This bowl cozy is another test-drive, playing around with yarn, covering up something unsightly project. Plus, you can never have enough knitted & crochet objects in a yarn store, right? Anyway, I chose the yellow because it matched the other stuff already on the table. The DMC Natura XL crocheted really well, I’m very pleased with it. Just a side note, crocheted bowl don’t seem to stand up all by themselves, unless you make them twice as tall and fold the edge over on the inside of itself, to make a double wall. I opted to stick a regular bowl inside my crocheted bowl to maintain it’s structure. It’s all display, but hey, what isn’t these days?

Materials

 

dmc natura xl lace swatch

Swatch for Dawning

This one is in-progress, but what the hell … I’ve completed swatching for DAWNING, a bulky-weight lace pullover from a back-issue Creative Knitting (I tracked a digital version down through the interweb). I wanted to take the DMC Natura XL out for a real drive, and I always need things to wear around the store. The uninspiring colour matches my summer wardrobe, which is usually a safari-esque palette.

So far, I’ve made 4 swatches, and one arm (presently blocking). I usually try to start a sweater with the arm – if things start going sideways with the tension I can find out much faster than if I’d started with the back. Cotton has a tendency to stretch, as does lace, so thorough swatching was important to make sure I won’t end up with a sweater-a-saurus. I was also curious to see how the yarn worked-up on different size needles; it seems to be fairly flexible and does well on a 7mm/US10.75 to 9mm/US13 needles, but if you use the larger sizes expect your garment to stretch in the wash.

Materials

 

Noro Silk Garden Wood Fungus Tea Cozy.jpeg

Quirky Tea Cozy

Yes, I made a tea cozy that looks like it crawled off the page of a Dr Seuss book. And I LOVE it! It was a birthday gift for my mother, who can’t stand receiving gifts unless they are something she has been coveting or are hand knit. And yes, I went out and bought a teapot to go with it – it was necessary to try on the cozy as I worked. And let’s face it, this one is ALL display. It is currently hanging out with the Mohair Tissue Box Cover (above). The pattern is by Loani Prior, Tea Cozy GENIUS. The yarn is Noro Silk Garden, and full disclosure, I used an extra skein and played around with the colour distribution A LOT. What you see in the finished product is extensive editing.

Materials


 

Well, there you have it, a bunch of weird stuff. If there is a theme, I guess it would be “don’t be afraid to try new things”. You never know what you’ll like, or even fall in love with. Spring & Summer are great low-pressure seasons when you can play around and try new things, and I am all for taking advantage if that.

On my to-do list is a larger project using Rowan Original Denim – I’m thinking a knit wrap of some kind? Something that really exploits the denim texture and indigo colour.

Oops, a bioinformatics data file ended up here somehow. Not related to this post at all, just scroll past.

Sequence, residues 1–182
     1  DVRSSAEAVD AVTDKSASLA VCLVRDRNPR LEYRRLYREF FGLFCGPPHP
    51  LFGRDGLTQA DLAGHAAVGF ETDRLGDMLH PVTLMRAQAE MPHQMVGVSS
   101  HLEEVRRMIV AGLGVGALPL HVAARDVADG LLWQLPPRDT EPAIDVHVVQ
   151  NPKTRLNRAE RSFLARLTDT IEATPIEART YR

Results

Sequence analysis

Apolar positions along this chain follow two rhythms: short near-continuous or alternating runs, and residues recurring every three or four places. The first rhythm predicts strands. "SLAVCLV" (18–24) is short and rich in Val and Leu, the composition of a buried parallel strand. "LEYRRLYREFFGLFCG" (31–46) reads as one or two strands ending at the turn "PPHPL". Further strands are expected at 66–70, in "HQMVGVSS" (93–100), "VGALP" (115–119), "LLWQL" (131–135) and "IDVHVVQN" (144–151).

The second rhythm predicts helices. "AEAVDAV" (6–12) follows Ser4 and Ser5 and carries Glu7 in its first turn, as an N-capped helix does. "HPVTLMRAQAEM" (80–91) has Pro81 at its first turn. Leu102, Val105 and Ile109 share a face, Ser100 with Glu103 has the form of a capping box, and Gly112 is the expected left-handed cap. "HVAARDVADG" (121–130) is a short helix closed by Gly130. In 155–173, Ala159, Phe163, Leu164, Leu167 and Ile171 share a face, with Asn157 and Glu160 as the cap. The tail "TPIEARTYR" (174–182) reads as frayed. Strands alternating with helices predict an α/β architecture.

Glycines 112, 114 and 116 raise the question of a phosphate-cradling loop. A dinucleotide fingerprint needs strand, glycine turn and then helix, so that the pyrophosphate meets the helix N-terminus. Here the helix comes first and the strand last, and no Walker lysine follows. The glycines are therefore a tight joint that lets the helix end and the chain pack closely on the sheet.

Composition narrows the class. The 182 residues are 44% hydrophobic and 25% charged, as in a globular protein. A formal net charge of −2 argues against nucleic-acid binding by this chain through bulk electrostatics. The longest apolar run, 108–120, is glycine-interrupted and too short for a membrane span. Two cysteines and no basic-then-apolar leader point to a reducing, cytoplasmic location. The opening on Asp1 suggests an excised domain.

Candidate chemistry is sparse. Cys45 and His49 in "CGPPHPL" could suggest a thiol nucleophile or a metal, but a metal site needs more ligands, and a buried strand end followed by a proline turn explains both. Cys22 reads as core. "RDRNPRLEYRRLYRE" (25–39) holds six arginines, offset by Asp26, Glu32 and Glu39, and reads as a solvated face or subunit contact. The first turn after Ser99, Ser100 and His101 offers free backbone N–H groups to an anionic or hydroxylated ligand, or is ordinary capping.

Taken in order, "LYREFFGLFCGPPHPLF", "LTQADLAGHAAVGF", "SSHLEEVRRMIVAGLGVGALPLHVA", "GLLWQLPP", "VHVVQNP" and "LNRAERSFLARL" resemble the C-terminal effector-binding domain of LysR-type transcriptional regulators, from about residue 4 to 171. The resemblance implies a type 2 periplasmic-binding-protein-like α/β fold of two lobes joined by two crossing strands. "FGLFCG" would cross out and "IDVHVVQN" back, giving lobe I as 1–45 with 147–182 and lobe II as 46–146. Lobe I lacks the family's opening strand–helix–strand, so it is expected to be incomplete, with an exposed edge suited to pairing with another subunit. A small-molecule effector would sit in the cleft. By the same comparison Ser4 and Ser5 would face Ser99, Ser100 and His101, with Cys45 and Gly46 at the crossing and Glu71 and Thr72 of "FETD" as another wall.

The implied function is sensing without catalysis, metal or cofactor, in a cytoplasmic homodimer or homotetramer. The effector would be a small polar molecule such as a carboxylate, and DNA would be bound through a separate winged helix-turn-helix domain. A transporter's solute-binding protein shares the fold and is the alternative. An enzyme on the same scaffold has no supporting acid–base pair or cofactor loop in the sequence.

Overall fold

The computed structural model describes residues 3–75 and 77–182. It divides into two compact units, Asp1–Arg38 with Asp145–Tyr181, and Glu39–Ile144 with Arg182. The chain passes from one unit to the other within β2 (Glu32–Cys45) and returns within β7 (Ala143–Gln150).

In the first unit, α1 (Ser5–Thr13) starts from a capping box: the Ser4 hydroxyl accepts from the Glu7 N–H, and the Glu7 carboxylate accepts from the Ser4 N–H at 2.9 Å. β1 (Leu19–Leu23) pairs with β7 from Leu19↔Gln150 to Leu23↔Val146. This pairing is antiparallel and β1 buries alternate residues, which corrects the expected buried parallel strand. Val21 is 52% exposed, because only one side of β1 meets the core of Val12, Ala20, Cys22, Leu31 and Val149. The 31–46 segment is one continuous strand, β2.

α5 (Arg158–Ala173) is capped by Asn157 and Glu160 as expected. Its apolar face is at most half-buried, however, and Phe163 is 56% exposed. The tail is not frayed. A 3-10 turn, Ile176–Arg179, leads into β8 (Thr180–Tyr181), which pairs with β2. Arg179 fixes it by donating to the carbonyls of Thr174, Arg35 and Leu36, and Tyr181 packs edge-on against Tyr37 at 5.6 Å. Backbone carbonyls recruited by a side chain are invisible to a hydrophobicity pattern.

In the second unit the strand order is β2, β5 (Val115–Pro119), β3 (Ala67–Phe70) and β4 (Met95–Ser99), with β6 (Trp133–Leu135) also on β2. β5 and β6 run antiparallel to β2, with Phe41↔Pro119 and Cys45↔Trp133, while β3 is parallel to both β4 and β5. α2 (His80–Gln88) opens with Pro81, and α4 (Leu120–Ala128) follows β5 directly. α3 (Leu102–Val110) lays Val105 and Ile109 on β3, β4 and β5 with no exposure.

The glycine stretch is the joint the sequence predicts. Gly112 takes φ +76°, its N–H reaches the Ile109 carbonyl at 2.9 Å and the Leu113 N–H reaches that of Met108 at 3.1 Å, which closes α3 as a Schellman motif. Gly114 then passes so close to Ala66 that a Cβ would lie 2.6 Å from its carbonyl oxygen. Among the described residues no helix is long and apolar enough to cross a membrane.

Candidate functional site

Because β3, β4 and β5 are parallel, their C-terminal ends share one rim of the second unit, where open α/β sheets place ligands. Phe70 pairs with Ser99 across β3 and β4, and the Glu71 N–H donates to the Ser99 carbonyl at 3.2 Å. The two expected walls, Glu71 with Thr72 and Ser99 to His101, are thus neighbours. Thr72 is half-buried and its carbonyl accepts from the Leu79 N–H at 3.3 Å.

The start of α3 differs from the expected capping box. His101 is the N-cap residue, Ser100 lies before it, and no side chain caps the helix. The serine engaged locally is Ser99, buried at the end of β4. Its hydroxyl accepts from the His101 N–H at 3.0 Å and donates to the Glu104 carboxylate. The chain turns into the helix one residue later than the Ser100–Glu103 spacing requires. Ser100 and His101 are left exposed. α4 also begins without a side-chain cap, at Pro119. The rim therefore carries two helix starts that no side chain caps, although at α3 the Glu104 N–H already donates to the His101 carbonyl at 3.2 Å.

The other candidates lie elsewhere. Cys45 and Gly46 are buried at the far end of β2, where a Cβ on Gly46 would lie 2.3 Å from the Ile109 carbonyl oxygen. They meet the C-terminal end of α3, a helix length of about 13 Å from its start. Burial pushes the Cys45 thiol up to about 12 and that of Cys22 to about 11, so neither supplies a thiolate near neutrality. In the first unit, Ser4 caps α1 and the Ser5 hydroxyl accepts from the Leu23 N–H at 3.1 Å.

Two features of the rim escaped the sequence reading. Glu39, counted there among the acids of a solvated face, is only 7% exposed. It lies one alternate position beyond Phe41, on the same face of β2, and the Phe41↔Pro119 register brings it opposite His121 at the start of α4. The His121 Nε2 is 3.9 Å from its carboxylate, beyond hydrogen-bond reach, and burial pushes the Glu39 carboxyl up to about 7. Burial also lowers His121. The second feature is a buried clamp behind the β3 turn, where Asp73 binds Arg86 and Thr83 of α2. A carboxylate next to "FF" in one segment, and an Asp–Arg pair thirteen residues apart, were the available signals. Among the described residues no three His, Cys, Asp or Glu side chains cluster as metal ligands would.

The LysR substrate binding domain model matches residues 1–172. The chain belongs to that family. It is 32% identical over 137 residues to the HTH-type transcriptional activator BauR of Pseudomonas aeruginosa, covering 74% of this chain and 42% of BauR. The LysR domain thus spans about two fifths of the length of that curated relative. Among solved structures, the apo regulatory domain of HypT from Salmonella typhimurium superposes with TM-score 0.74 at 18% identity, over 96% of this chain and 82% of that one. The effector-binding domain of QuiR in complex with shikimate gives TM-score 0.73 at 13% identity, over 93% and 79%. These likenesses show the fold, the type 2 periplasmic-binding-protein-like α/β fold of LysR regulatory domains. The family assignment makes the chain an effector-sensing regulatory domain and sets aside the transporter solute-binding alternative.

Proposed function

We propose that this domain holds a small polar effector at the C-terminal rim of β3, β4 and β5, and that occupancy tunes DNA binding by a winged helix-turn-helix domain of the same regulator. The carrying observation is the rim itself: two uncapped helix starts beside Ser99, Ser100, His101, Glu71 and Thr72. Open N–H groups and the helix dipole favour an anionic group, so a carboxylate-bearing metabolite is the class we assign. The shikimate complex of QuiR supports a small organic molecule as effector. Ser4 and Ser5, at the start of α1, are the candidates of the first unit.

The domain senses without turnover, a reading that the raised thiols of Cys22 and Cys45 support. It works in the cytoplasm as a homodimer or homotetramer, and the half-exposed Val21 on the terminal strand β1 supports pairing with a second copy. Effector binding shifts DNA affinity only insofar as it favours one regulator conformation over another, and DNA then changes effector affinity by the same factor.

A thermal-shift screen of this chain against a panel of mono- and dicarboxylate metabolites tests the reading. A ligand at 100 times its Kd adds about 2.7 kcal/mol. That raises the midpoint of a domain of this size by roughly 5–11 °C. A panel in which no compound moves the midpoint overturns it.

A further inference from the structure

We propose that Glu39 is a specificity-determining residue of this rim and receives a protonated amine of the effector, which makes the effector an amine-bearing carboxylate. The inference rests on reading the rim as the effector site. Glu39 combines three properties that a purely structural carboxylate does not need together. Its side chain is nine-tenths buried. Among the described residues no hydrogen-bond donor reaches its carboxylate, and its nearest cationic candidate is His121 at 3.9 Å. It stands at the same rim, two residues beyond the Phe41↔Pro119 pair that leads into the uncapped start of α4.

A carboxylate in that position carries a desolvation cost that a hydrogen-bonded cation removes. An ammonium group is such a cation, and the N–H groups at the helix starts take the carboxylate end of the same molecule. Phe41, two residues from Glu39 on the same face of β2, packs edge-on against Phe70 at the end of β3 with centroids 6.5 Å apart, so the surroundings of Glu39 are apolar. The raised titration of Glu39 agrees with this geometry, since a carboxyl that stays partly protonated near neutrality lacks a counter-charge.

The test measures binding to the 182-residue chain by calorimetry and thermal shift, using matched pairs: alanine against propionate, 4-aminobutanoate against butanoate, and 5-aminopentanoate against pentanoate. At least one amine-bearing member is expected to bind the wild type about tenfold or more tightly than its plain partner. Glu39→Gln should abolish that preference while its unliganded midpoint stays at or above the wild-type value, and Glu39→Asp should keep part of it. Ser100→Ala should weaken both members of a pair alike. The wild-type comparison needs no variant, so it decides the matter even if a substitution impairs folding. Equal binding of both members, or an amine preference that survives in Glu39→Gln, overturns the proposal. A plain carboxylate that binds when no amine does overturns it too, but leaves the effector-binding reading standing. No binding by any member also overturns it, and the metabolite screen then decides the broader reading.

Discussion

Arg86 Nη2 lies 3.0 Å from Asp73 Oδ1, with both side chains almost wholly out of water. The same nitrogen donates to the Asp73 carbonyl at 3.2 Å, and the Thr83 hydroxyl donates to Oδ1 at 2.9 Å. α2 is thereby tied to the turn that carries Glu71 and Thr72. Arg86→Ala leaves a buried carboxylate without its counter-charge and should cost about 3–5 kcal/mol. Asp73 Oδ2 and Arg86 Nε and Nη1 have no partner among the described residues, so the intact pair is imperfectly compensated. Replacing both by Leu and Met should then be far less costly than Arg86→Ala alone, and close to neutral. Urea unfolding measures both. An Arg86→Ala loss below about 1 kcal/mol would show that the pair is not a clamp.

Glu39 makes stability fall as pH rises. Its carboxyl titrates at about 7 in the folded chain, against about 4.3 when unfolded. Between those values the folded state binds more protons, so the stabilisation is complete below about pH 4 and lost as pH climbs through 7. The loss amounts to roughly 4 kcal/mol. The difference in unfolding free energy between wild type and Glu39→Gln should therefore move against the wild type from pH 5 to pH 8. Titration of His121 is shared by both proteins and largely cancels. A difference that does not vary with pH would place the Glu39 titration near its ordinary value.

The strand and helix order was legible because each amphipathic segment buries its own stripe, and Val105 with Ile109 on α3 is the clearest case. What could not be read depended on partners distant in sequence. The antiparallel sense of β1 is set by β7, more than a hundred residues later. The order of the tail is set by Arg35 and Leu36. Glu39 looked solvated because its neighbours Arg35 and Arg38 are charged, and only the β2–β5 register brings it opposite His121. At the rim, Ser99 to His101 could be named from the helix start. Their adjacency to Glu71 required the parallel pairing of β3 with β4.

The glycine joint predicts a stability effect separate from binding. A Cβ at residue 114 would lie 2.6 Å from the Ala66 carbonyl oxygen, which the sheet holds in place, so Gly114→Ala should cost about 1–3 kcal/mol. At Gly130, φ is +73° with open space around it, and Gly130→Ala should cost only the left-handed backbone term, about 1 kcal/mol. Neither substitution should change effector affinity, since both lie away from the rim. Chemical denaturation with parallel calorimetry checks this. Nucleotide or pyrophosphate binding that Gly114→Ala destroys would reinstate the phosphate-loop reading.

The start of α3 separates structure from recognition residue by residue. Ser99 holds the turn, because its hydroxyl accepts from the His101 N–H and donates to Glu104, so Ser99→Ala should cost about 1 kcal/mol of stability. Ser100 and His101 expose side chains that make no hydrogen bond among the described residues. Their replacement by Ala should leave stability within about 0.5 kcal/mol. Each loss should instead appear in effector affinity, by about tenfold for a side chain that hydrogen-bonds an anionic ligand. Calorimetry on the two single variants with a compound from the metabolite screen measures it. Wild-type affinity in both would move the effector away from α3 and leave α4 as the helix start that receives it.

NEW Berroco Cirrus


Berroco Cirrus
This yarn was aptly named because it is definitely as soft and light as a cloud (but not damp).  It has all the light, airy, insulating qualities of mohair, without an iota of the itch. That’s right, it is soft as a bay’s bum, no scratch allowed!

  • 6mm needles
  • 25g/104m
  • 15 sts + 22 rows = 4″/10cm 
  • 42% mohair, 18% merino, 40% nylon
  • See the colours HERE
  • $8.97/skein




  • Knit Top-Down in the Round!
  • 6 to 10 skeins Berroco Cirrus (details HERE)
  • 5mm + 6mm circular needles needles
  • Pattern from Berroco Norah Gaughan: Vol 13, is available for sale as a PDF download for $14.97 through Ravelry’s In-Store Pattern Sales program (or you can buy the pattern alone for $6) – this means you’ll need to purchase it through us, you will not be able to download it from Ravelry yourself.








  • 7 to 12 skeins Berroco Cirrus (details HERE)
  • 5.5mm + 6mm needles
  • Pattern from Berroco Booklet #323, is available for sale as a PDF download for $8 through Ravelry’s In-Store Pattern Sales program – this means you’ll need to purchase it through us, you won’t be able to download it from Ravelry yourself.




  • Easy, mindless knitting!
  • 6 skeins Berroco Cirrus 
  • 4.5mm + 6mm-16″ circular needles
  • Pattern from Berroco Booklet #339, is available for sale as a PDF download for $8 through Ravelry’s In-Store Pattern Sales program (or you can buy the pattern alone for $6) – this means you’ll need to purchase it through us, you won’t be able to download it from Ravelry yourself.




  • Easy, mindless knitting!
  • Great hat for big heads with big hair
  • 2 to 3 skeins Berroco Cirrus 
  • 4.5mm + 6mm-16″ circular needles
  • Pattern from Berroco Booklet #339, is available for sale as a PDF download for $8 through Ravelry’s In-Store Pattern Sales program (or you can buy the pattern alone for $6) – this means you’ll need to purchase it through us, you won’t be able to download it from Ravelry yourself.